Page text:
https://en.m.wikipedia.org/wiki/Piaget%27s_theory_of_cognitive_development#Symbolic_function_substage
    Foe example some brain system makes FUCK a thing. Right and left are arbitrary beyond a directional metaphor. Think about the language used by left-leaning antivaccination people. There will be a common form in that shared with creationists, antifeminists, racists, misogynists, and other people with irrational emotion attached to groups of people (as opposed to people making rational connections).

    >”Since “we want to kill black people” and “we want civil rights” are clearly not similar in any way, it’s hard to see how horseshoe theory would apply.”

    What matters (and I freely admit ignorance of this being in horseshoe theory specifically), is that this is the balance set by a bigoted society. Free speech does protect bigoted language created by history and biology. So citizens must step up and confront our fellow citizens with our own aggressive language when necessary.

    Bigotry in general social discourse is generated by social conflict processing, in addition to anything else involved in irrational reasoning.

    >”And I’m not aware of a single centrist at any point in time who implied that they were the same. Their problem has always been, “We agree with civil rights, but the activists just need to stop being so obnoxious and take things slowly!” which has the effect of preserving the status quo.”

    It’s not about what you think you are doing and what you know you are doing, it’s about what is regardless of social intent. Bigots are. Left, right, they mean nothing when it comes to the essence.

  23. consciousness razor says

    thirdmill:

    I’ll keep this one short and sweet. I think you’re a bullshitter who’s been grasping for some kind of an excuse to start wars every now and then.

  24. thirdmill says

    Well, consciousness razor, if you actually do believe that, then my simple straightforward point sailed right over your head. Next time I’ll dumb things down for you.

  25. consciousness razor says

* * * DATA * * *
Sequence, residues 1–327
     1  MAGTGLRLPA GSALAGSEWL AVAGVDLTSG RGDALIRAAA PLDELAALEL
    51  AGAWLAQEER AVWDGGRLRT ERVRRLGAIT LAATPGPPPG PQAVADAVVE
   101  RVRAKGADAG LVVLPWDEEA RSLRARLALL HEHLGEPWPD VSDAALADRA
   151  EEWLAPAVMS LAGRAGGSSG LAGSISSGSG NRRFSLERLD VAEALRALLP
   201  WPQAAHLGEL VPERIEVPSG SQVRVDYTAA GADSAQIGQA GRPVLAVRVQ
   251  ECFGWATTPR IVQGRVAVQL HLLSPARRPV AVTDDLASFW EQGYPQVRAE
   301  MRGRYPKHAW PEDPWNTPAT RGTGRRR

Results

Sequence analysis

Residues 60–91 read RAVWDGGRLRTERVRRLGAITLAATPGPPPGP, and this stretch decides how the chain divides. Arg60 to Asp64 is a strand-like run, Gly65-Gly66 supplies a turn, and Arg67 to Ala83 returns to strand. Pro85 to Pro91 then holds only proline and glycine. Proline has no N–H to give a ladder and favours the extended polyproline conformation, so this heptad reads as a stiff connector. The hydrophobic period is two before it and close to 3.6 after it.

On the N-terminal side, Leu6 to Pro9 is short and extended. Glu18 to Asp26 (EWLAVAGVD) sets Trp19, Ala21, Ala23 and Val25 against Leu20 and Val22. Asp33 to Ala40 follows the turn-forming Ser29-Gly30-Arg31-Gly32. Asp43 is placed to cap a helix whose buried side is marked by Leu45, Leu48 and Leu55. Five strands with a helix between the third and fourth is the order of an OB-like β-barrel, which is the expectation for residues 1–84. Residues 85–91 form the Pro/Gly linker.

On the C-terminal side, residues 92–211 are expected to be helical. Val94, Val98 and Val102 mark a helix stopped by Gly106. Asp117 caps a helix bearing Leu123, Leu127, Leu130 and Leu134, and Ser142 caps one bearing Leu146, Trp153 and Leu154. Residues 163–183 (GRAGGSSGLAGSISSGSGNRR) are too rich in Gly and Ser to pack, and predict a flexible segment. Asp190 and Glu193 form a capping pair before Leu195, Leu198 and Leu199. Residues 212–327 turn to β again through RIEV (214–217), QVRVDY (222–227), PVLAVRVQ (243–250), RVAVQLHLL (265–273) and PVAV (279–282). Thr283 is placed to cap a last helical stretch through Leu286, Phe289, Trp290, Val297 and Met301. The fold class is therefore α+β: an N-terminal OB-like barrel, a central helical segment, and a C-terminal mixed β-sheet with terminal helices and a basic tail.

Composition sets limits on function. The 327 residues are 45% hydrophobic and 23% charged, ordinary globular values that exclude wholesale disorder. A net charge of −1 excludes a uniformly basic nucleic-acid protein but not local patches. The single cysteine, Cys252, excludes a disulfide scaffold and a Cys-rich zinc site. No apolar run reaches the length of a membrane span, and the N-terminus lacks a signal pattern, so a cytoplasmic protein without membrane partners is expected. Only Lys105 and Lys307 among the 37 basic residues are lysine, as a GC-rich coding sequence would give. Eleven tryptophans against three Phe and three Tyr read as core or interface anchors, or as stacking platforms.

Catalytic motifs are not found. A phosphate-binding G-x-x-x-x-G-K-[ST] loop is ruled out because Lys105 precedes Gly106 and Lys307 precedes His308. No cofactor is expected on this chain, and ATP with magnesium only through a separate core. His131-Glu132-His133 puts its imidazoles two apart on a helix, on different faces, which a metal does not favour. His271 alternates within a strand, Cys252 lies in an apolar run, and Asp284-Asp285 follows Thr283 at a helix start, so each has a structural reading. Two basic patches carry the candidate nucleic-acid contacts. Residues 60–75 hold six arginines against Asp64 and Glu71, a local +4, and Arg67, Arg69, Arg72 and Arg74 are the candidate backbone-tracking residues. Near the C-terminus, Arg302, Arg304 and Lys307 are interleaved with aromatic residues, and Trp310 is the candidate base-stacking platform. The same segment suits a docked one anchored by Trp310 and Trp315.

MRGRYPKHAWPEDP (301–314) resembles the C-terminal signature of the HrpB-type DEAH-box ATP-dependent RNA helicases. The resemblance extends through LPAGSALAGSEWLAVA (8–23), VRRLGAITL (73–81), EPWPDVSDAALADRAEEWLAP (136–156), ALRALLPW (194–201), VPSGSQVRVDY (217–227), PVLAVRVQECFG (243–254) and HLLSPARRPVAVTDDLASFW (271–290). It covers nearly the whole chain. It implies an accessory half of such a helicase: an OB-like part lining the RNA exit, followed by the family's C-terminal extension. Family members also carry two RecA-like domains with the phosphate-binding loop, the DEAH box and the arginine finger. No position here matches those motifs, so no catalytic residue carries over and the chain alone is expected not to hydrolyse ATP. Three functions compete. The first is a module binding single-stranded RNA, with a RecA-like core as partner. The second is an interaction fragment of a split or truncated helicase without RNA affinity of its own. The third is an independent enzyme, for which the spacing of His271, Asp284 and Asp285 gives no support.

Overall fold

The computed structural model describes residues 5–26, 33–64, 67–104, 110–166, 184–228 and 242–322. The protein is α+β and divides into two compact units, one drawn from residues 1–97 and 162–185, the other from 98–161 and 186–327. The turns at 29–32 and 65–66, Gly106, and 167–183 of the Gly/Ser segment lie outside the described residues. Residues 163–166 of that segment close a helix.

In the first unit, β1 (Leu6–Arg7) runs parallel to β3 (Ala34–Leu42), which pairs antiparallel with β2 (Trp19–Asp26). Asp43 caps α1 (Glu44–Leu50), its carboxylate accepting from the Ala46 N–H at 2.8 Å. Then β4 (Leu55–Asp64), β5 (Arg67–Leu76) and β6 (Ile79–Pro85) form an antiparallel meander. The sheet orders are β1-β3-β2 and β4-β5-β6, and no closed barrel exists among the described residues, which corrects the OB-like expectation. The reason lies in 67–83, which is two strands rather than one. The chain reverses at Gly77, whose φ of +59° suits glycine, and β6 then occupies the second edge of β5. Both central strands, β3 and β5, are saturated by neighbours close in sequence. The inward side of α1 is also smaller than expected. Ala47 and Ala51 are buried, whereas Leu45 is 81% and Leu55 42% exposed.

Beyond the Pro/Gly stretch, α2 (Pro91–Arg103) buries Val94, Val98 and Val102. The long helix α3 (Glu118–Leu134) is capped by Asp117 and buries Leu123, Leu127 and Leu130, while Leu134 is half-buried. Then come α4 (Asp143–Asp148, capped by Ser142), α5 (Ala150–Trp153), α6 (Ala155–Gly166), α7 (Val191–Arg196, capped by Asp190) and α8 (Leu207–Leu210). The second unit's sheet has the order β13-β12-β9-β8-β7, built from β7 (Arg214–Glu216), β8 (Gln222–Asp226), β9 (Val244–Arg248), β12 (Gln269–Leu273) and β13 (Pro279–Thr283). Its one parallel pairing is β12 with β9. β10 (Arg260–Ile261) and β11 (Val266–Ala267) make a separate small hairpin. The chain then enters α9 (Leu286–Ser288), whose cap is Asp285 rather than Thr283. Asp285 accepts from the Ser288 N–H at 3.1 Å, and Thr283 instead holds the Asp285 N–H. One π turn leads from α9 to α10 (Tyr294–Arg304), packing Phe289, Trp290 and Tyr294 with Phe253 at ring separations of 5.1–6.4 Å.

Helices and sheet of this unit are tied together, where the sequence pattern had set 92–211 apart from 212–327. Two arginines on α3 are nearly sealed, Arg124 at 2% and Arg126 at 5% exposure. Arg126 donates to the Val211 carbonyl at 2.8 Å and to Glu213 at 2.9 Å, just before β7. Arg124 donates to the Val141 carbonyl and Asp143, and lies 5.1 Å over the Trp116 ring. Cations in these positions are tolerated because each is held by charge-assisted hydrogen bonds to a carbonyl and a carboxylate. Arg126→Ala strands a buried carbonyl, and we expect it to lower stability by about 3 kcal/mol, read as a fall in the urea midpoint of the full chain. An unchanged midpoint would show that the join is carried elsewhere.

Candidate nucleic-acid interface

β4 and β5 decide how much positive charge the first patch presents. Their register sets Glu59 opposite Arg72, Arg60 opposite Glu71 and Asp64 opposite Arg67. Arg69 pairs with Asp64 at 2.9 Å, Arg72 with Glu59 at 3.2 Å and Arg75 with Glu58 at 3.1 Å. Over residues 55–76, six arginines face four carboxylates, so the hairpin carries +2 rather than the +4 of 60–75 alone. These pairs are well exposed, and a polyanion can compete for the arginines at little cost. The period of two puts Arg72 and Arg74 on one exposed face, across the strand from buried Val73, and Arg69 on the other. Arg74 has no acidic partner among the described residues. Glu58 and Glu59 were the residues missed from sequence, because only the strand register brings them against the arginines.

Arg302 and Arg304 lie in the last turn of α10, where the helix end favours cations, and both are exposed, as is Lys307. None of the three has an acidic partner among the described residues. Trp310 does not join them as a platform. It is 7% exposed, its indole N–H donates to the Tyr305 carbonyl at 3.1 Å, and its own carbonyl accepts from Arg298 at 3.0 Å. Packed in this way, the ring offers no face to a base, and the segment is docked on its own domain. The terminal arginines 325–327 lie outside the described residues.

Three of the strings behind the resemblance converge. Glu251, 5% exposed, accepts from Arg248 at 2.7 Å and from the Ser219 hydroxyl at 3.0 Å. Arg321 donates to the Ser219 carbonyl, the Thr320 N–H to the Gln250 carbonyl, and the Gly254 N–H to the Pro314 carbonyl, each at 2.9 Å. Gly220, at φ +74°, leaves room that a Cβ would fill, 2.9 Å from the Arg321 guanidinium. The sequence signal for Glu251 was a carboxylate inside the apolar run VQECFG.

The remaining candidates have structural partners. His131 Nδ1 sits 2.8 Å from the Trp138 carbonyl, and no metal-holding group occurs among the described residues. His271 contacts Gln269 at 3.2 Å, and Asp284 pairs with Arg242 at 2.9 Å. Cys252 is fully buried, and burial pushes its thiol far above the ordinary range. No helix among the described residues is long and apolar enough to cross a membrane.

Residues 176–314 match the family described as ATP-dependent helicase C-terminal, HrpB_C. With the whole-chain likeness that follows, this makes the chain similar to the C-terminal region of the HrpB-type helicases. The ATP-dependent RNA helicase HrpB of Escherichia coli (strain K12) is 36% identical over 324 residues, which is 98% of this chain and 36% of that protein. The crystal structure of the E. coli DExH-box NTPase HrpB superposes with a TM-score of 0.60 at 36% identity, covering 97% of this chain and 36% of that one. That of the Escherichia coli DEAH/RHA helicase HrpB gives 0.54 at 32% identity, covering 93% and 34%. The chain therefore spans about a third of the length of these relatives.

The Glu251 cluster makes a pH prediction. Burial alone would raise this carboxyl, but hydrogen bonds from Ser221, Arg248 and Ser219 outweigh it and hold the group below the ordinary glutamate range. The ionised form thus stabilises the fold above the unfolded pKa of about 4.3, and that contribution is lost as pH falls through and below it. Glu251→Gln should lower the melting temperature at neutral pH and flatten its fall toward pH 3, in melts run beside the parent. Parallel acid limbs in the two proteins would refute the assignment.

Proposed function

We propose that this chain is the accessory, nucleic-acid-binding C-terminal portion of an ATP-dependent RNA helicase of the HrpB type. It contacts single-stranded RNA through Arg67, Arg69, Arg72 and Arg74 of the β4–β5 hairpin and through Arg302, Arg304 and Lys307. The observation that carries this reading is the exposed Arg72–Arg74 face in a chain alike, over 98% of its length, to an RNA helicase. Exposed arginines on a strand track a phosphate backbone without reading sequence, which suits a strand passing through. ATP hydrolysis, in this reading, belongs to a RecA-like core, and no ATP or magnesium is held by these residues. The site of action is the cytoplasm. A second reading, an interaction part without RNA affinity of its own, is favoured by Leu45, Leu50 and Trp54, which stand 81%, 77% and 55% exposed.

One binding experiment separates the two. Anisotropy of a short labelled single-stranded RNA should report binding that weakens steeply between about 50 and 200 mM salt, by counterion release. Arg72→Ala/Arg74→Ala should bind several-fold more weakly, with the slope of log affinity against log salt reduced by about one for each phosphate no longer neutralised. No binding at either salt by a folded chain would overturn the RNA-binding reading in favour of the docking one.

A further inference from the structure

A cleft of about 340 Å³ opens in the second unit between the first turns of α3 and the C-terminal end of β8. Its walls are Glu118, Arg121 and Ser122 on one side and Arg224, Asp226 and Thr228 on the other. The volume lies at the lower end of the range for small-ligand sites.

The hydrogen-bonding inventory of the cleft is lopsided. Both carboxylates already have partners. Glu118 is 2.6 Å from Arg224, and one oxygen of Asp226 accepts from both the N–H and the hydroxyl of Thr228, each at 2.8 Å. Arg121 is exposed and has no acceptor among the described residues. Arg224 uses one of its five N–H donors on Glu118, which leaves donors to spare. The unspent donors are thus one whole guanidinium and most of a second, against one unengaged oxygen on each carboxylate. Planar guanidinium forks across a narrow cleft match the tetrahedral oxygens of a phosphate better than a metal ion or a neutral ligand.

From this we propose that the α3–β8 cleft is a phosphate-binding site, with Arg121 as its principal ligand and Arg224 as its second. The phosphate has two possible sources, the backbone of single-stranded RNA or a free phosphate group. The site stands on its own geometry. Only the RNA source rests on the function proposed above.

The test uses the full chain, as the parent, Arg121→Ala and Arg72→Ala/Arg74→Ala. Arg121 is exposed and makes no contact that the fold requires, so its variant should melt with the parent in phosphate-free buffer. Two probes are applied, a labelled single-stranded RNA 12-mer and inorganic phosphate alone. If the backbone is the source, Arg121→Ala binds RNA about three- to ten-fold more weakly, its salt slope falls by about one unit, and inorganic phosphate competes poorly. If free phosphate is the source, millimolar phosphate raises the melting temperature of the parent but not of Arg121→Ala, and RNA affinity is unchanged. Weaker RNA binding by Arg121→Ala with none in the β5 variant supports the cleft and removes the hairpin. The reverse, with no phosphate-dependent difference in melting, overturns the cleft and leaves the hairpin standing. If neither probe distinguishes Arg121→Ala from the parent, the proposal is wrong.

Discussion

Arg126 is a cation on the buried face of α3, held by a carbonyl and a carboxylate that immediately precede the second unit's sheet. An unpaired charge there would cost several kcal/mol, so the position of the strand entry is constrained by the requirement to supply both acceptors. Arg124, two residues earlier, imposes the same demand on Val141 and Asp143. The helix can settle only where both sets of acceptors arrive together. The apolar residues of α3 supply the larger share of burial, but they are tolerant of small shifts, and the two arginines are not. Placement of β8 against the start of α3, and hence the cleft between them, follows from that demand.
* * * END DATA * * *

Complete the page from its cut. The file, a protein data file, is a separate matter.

You can give me the extra-dumb thing you have in mind, if that suits you best. I’m not exactly looking forward to it, but do what you need to do.

    Or we might agree about a few things, and you could say anything you want about that. Or maybe I misinterpreted something you said (or you misspoke), which you could easily clarify for me, since it’s so abundantly simple and straightforward. Or you can think it’s just me “pretending,” if you don’t mind being wrong. It’s up to you.

  26. says

    @Brony,

    I’m honestly not sure what you’re trying to say, but let me clarify that I’m not trying to defend horseshoe theory, just trying to (weakly) explain it. And to explain why PZ bringing it up didn’t make a lot of sense. There are plenty of criticisms of the theory that I agree with, if you choose to take it seriously, but I don’t take it seriously. It’s basically a bit of pop-poly-sci that is amusing and explains a few things, but is far too simplistic. If you’re worried that it applies to you, it almost certainly doesn’t. The people to whom it applies lack that level of introspection.

  27. says

    Is this performance art? A blurb about Centrism followed straightaway with a display of characteristically Centrist backpedalling from

    “That’s not horseshoe theory”

    to

    …point me in the direction of anyone who thinks that…so that I can correct them

    The human mind is a funny, funny thing.

  28. says

    …oh, almost forgot some fun facts:

    A few minutes of research will lead one directly to many articles, essays, and books by or about Jean-Pierre Faye, who first uttered the term horseshoe with regard to precisely such an idea about the sameness of end points (so-called) of a construed political “continuum” [sic]. It seems to me that the typical centrist (or Moderate or Independent or…) is happy to take direction and comfort from authoritarian institutions while also taking credit for being some kind of tolerant, cultural “freedom” anchor. There’s no pleasing militant Centrists.

    I thought it (slightly) interesting that Faye, not uncharacteristically, counts Deconstruction and Postmodernism as the great enemies of, like, civilization n’stuff.